3 Healthy Alternatives to Pokémon GO

Discover three healthy alternatives to Pokémon GO, should you or your children decide to opt out of the great virtual hunt.

Ben Greenfield
5-minute read
Episode #303

3 Healthy Alternatives to Pokemon GO

1. Fitness Exploring

I’ve been fitness exploring with my kids since they were two. It’s extremely simple, and just a version of the popular “Parkour” style of doing tricks and fitness challenges as you walk through a nature or urban setting. During a one to three mile walk, my kids and/or I will jump up on park benches, balance on beams, climb up walls, climb down walls, crawl through bushes, carry rocks, carry each other, jump, skip, hop, lunge, simulate animal movements such as backward bear crawls and gorilla walks and do just any movement we can imagine, often with a “Follow The Leader” style format. For more on this, look up my friend Darryl Edwards, the official Fitness Explorer.

2. Wild Plant Foraging

Just the other day, I posted to my Instagram page a photo of a lovely, fresh salad prepared in our kitchen, with the caption, “This evening, the boys and I went out to the forest behind our house and harvested wild plants for a salad. We brought home nettle, wild mint and plantain, then we dressed it with avocado oil, raw honey, goat cheese, peaches, slivered almonds, sea salt and black pepper. Perfect pairing for fish. Bon appetit!” Both my children and I use a phone app called “FlowerChecker” to take photographs of plants, roots, mushrooms and other items we find in nature. On the other end of the app is a team of live botanists who help us to identify the edible and medicinal nature of the plant, and figure out what to do with it. Not only is this a fantastic way to learn about nature, but you don’t have to “live in the sticks” to engage in this activity—instead you’d be incredibly surprised at how much wilderness is present in the  grass growing along the sidewalk or in a park in even the most urban of settings.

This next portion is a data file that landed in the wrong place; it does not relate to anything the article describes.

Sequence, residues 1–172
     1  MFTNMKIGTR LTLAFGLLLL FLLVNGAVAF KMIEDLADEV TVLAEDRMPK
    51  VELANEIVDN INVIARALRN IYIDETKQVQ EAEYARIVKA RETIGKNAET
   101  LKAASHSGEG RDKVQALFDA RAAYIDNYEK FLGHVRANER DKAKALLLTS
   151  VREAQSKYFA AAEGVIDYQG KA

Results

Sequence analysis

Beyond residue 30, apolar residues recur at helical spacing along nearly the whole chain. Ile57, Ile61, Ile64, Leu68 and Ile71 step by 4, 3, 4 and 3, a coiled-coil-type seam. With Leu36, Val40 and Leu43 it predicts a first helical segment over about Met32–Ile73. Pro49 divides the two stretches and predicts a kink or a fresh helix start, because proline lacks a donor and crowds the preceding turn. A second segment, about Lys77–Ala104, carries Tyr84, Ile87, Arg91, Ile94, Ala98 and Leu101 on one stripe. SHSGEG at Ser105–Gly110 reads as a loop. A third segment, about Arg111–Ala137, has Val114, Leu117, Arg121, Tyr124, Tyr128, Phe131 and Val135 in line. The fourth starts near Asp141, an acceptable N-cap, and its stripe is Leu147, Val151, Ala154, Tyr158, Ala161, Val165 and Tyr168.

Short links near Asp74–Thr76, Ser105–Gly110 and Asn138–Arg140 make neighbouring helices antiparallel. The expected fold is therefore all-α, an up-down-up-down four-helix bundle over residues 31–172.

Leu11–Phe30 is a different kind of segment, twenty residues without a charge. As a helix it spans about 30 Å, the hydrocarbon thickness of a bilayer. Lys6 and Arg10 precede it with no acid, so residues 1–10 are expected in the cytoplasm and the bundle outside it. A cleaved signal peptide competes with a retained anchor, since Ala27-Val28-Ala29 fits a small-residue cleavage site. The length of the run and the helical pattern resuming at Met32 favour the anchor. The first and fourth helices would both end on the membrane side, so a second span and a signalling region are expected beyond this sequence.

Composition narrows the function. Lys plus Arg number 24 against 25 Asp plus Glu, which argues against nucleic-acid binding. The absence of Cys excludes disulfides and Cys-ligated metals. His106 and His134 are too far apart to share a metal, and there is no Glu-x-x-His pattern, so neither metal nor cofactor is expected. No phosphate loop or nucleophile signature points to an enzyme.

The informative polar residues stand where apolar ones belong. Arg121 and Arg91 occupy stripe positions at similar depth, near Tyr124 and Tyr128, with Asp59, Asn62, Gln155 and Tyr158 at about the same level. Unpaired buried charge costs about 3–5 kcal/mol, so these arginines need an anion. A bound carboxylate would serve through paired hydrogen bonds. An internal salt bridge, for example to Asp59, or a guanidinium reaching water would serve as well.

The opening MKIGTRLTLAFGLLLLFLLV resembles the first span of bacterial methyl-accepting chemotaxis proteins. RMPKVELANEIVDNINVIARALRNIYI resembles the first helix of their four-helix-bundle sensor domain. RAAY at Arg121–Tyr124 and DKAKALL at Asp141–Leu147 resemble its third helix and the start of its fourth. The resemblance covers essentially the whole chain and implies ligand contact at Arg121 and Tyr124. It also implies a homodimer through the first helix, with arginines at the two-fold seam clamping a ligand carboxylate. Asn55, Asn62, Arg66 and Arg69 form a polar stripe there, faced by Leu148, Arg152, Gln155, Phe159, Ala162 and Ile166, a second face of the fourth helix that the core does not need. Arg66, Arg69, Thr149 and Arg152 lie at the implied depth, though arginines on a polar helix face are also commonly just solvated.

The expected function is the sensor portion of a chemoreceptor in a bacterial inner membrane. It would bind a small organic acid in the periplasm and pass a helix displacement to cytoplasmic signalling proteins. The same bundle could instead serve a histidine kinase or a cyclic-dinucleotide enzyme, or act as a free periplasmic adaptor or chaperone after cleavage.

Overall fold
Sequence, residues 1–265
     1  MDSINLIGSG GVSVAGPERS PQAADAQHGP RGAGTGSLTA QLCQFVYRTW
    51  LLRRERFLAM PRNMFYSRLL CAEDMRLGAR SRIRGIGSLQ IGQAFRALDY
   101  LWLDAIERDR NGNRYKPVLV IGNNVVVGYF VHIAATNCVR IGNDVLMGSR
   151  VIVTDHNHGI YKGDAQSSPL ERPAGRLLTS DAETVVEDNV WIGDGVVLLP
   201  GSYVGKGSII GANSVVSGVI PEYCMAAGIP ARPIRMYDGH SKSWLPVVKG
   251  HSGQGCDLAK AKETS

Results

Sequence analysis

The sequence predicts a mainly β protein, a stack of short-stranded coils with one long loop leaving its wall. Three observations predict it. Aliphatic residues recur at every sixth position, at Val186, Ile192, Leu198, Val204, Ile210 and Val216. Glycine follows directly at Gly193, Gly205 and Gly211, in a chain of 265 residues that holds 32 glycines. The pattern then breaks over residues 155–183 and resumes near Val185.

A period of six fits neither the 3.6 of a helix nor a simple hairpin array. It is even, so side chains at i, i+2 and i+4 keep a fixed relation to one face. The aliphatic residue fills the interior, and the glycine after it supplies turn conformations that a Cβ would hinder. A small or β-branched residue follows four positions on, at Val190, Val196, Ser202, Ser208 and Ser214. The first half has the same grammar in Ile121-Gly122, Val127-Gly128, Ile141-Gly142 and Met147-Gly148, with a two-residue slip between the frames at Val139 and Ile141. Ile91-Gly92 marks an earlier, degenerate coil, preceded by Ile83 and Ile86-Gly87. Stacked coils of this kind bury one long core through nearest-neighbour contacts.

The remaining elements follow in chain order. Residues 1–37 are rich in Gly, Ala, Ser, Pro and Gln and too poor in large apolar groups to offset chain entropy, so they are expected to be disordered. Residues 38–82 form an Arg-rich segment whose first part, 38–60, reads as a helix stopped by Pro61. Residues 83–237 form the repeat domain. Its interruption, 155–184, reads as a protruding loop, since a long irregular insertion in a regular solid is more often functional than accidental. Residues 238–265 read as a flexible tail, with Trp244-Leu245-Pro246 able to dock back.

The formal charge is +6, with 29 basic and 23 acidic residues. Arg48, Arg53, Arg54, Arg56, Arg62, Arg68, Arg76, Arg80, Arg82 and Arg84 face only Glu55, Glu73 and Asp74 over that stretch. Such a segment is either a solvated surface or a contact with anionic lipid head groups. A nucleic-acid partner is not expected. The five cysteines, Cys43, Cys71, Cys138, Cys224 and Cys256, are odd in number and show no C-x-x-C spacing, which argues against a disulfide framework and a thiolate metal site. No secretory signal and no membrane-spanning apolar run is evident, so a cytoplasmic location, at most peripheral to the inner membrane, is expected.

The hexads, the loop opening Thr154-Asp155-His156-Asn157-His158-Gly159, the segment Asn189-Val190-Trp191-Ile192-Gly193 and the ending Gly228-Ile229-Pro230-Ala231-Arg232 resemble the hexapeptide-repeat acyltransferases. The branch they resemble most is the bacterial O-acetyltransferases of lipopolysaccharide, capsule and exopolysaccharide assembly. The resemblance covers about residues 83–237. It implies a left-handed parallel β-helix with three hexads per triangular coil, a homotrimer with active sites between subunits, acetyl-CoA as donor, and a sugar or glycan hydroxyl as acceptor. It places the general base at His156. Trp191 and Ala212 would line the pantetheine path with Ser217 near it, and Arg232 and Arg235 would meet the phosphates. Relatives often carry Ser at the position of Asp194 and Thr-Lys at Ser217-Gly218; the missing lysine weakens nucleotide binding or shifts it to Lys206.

3. Battles

I do not endorse an infatuation or encouragement of extreme violence in children, especially the type of violence seen in many popular video games, but I do like the idea of a bit of friendly competition every now and again. So, in our garage closet, you’ll find an assortment of paintball guns, soft Nerf weapons like bow and arrow, water guns, water balloons, capture the flag equipment, kickballs for dodgeball and other items we can use to venture outside for a bit of friendly competition that is easily as fun (and far more active) than a video game—and, perhaps more importantly based on the research you learned about earlier, 100% non-pixilated. If you don’t like the idea of your kids running around with waterguns and Nerf bows, try dartboards, miniature tennis nets, ping pong, or just about anything else you’ll find in your local sporting goods store, which, by the way, makes for a perfect field trip for a bunch of bored kids.

So that’s it. I’m not arguing that Pokémon GO is evil, unnecessary, or clinically proven in long term research studies to be unhealthy. But I am indeed proposing that there may be safe and healthy alternatives that do you or your child a greater good than chasing a virtual cartoon character with head down, buried in a phone.

And finally, as I describe in Can Kids Exercise Too Much?”, there is indeed a law of diminishing returns when it comes to hormone depletion and bone density if kids are constantly running miles and miles or spending their entire day pumping iron at the gym, but from what I’ve observed, this isn’t a huge problem for most families and if it is for your family, then … go read that article.

If you have questions, comments or feedback about these three alternatives to Pokemon GO, you can join the conversation at .Facebook.com/getfitguy!

Image courtesy of Shutterstock.


All content here is for informational purposes only. This content does not replace the professional judgment of your own health provider. Please consult a licensed health professional for all individual questions and issues.

About the Author

Ben Greenfield

Ben Greenfield received bachelor’s and master’s degrees from University of Idaho in sports science and exercise physiology; personal training and strength and conditioning certifications from the National Strength and Conditioning Association (NSCA); a sports nutrition certification from the International Society of Sports Nutrition (ISSN), an advanced bicycle fitting certification from Serotta. He has over 11 years’ experience in coaching professional, collegiate, and recreational athletes from all sports, and as helped hundreds of clients achieve weight loss and fitness success.